At first I thought this has about zero to do with pets, unless you count my somewhat futile efforts to train the dogs to keep out of the garden but it actually kind of does if you read on. To be fair, these old dogs (Bailey will be 108 in human years in just over a week!) have grown used to going wherever they feel like in the yard, and doing whatever they want. I’ll not go into more details as I’ve already digressed.
But, I feel so EXCITED about my new garden projects that I want to share it with the world, and what better way to do it than to put it on the internets? You’re welcome.
My Garden Pictures
Here’s some pictures of the garden. I’d love to get any suggestions and gardening tips to help me deal with pets and harvest as much as possible, so please feel free to email or comment!
Below are a few tips I found and tried to follow to keep the dogs safe.
Don’t Plant Toxic Plants
Well, now here’s something that is actually pet related. When planting anything around your house, especially if you have a dog that likes to graze (I miss you, Joey) it makes a lot of sense to plan ahead, and research which plants are toxic to pets. Then, don’t plant those. Its actually quite easy to slip, because for every plant you are planning to plant, you will have to look at the list because there are lots of them.
You Might Get By With A Few Toxic Plants
Some plants which are toxic, you might still get away with. For example, Onions. If you can plant them in a spot that your pets don’t access alone, you can keep them away from it. Or you can plant them in hanging planters that they can’t reach.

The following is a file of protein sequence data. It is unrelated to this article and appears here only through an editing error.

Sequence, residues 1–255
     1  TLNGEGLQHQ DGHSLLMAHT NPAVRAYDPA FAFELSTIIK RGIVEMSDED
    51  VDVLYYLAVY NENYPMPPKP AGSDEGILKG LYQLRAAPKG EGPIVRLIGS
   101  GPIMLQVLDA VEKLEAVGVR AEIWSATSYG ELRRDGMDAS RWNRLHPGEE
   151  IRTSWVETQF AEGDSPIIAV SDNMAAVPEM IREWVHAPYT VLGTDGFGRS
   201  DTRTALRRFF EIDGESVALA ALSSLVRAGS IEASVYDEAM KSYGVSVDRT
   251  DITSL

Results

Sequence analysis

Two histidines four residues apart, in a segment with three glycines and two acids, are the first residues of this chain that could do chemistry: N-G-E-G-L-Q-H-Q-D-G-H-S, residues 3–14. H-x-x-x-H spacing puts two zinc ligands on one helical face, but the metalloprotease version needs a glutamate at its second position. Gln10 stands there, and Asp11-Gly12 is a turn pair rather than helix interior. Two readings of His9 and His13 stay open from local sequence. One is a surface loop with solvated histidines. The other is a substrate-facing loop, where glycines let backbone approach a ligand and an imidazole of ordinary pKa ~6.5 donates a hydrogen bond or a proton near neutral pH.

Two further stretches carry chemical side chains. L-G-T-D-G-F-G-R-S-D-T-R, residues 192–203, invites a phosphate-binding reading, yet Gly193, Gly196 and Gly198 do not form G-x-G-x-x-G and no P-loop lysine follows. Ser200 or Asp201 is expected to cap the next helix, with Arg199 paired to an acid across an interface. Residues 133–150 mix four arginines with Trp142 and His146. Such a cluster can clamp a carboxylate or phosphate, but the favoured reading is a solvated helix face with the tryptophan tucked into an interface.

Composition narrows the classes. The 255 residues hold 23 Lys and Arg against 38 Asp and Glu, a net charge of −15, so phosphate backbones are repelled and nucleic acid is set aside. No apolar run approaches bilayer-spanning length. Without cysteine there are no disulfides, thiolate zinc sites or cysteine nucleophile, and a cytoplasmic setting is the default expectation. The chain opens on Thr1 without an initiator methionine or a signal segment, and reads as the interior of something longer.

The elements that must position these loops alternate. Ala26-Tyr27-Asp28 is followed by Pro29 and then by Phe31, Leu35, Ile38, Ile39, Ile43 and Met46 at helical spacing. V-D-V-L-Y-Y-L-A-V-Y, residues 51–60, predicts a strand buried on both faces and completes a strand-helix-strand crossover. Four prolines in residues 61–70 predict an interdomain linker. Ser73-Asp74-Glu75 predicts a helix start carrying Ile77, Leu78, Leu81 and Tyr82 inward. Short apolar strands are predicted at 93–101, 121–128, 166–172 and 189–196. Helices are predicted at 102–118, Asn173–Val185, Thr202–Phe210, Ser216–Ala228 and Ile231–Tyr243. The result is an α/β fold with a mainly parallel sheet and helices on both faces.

Another thing to consider is the size of your pet. Small dogs and cats which are smaller but still can take a big bite of something will have a higher potential for an issue. If you have a larger animal, a small bite of something may not affect them at all. I had a friend who’s dog used to seek out and ravage through bags of Hershey Kisses, plastic bag, aluminum foil and all. He lived to a ripe old age of 14-ish going strong all the way. My vet said the actual toxicity in a family size bag of Hershey Kisses might be enough to kill a small dog, but a 60lb dog might get a little bit of a head rush and a palpitating heart. No wonder he did it - for the rush.
Plant Out Of Pets Reach
This is just smart, unless you want your plantings trampled. I’ve opted for hanging planters, above ground planters, and in-ground only outside the fence where they can’t get to. And when I put some corn in the ground, it will be protected until it gets tall enough to not be a temptation.